- If you have experienced a situation where someone you identified as a potential sponsor did not end up becoming your sponsor, were there any lessons you learned that you’d like to share with the group about that experience?
2. Discuss the Following with your Program Facilitator:
- Who are your sponsors (internal and external to your organization)?
- If you do not have a sponsor, or want to develop another sponsor relationship, discuss your “Personal Board of Directors” with your Facilitator. Discuss what you can do to deepen those relationships, and how you can turn these people into the sponsors.
While optional, these podcasts/articles will help to supplement the e-module on Sponsorship.
1) Want to Be a Better Manager? Get a Protégé, by Sylvia Ann Hewlett, Harvard Business Review, June 17, 2019
2) The Surprising Benefits of Sponsoring Others at Work Podcast, by Sylvia Ann Hewlett, Harvard Business Review, June 18, 2019 (24 minutes)
3) How to find the person who can help you get ahead at work, by Carla Harris, TEDWomen 2018 (14 minutes)
4) Self Promotion Corporate Homie Podcast, Episode 59, March 14, 2018 (20 minutes)
5) Part 3 of Get Yourself a Sponsor – Strategies to Identify a Potential Sponsor, by Elise Holtzman, The Lawyer's Edge (5-7 minutes)
6) Part 4 of Get Yourself a Sponsor — How to Approach A Potential Sponsor, by Elise Holtzman, The Lawyer's Edge (5-7 minutes)
7) Vaulting the Color Bar: How Sponsorship Levers Multicultural Professionals into Leadership, Center for Talent Innovation
Online E-Module 1: Time Management
Title: The Career-Boosting Power of Effective Time Management
Companion Worksheet: The Career-Boosting Power of Effective Time Management Self-Reflection Questions
Completion Deadline: Tuesday, June 25, 2019
Time-Management Action Assignments:
Discuss the following topics with your Peer Circle by Tuesday, June 25, 2019.
1) Discuss time management techniques. Ask your Peer Circle members what their biggest time challenges are and how they’ve created time management techniques that work for them.
2) Go over the Time Management Quadrant System discussed in the e-module. Discuss and implement options for (a) better balancing time spent on “Urgent and Important” tasks (Quadrant A) and important but longer term “Quadrant B” career development tasks, and for (b) minimizing time spent on less important “urgent” (Quadrant C) and “non-urgent” (Quadrant D) tasks.
Also, choose at least one of the Action Assignments below to complete by Tuesday, June 25, 2019. (If you begin this process before your Peer Circle meeting, you can discuss with your Peer Circle.)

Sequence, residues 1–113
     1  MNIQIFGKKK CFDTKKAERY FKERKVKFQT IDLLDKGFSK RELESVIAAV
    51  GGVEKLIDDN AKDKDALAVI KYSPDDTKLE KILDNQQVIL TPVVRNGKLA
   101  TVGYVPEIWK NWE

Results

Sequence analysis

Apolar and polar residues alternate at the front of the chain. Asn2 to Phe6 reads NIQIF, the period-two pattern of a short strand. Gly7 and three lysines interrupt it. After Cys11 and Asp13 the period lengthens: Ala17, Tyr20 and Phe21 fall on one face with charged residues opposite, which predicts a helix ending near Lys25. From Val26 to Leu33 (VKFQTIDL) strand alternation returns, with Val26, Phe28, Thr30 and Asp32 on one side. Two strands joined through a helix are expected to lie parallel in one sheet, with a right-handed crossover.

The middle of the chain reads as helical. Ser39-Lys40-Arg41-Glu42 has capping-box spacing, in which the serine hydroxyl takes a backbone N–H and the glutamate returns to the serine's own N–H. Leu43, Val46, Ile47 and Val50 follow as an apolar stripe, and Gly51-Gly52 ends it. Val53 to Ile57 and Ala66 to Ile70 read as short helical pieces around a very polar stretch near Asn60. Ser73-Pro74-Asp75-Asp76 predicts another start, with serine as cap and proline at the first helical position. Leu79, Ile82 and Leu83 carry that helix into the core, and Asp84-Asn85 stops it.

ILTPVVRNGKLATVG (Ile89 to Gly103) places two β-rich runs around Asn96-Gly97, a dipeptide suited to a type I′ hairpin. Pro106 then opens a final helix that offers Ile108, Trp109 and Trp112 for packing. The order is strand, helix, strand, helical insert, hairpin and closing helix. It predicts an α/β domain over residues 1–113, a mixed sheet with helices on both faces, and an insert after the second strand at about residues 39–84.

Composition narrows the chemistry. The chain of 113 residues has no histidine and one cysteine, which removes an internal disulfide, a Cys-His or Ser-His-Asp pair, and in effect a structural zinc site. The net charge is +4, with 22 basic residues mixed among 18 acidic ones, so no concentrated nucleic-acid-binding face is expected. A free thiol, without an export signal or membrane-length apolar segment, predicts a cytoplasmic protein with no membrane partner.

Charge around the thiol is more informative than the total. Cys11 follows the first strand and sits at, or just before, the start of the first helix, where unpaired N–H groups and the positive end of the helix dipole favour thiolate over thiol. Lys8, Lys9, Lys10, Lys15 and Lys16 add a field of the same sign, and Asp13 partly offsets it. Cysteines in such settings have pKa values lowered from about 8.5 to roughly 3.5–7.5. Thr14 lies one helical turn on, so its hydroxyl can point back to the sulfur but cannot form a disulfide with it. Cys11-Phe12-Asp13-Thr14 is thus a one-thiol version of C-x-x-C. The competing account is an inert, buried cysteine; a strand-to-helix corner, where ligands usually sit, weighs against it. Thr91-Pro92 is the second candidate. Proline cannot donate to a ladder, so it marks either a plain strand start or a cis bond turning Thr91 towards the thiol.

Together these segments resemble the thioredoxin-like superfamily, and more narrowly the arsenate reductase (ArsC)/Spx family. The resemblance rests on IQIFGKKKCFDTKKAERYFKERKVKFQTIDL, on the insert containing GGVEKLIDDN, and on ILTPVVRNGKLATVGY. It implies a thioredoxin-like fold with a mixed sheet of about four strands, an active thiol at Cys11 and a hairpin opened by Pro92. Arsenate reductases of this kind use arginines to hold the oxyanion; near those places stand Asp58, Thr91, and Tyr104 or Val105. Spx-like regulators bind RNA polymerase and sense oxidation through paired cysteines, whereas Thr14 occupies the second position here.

1) Keep a journal of how you spend your time both at work and at home for one week. After one week, review the journal and decide which activities you can remove entirely from your agenda, which activities you can minimize, and which you’d like to spend more time on.
2) Reserve your Power Hour(s) on your calendar. Write an agenda for your Power Hour and set goals for what you will accomplish with each Power Hour, and goals for yourself after 10 Power Hours.
3) For those who have already undertaken Power Hours, take a few minutes to evaluate and optimize your approach to them. Identify and implement strategies to further free yourself of distractions and make your Power Hours as efficient and effective as possible. If your Power Hours have not included a career development element, take action to include this important element in future Power Hours.
4) Evaluate the extent to which you are “multitasking” (or, as the e-module puts it, “task-shifting”) in your daily work. Experiment, where practicable, with refining your approach to focus for dedicated periods of time on single tasks and consider whether such “single-tasking” has a place in your approach to your work going forward.
Suggested Readings on Time Management:
These articles and podcasts will help to supplement "The Career-Boosting Power of Effective Time Management" e-module. While you do not need to read all of the articles, if each member in your Peer Circle selects 1-2 articles/podcasts, it will enhance your e-module learning experience.
1) “Stay Afloat When Life is Overwhelming,” Before Breakfast, April 16, 2019. (7 minutes)
2) “Here’s Why All Your Projects Are Late--And What to Do About It,” Freakonomics Radio, March 7, 2018. (41 minutes)
3) “Maximizing Your Commute,” Corporate Homie Podcast, April 4, 2017. (24 minutes)
1) "Before You Agree to Take on new Work, Ask 3 Questions," by Regan Walsh, Harvard Business Review (<5 minutes)
2) "A New Paradigm for Attorney Time Management," by Cami McLaren, Above the Law (<5 minutes)
3) "Great at Multitasking? Why You Need to Stop," by Elise Holtzman, The Lawyer's Edge (<5 minutes)
4) "Read This Google Email About Time Management Strategy," by Jeremiah Dillon, Fast Company (<5 minutes)
5) "Time Management Tips for Attorneys and Associates. You CAN Do it All!" by Desiree Moore, Lexis Nexis Legal Newsroom (<5 minutes)
6) "INFOGRAPHIC: The biggest workplace time-wasters are...," by Dan Wisniewski, HRMorning.com (<5 minutes)
7) "Stop Trying to Please Everyone," by Ron Ashkenas and Matthew McCreight, Harvard Business Review (<5 minutes)
8) "Why Aren't You Delegating?" by Amy Gallo, Harvard Business Review (<5 minutes)
9) "A Matter of Time," Attorney at Work Quarterly (45-50 minutes, multiple articles.)
10) "The Unimportance of Practically Everything," by George McKeown, Harvard Business Review (<5 minutes)
Please contact Sarah Wintle Alexander, Pathfinder Program Manager, with any questions on substance or deadlines.
For technical questions about the Pathfinder E-Module Portal, please contact Jessica Sabesan, LCLD Communications & Marketing Manager.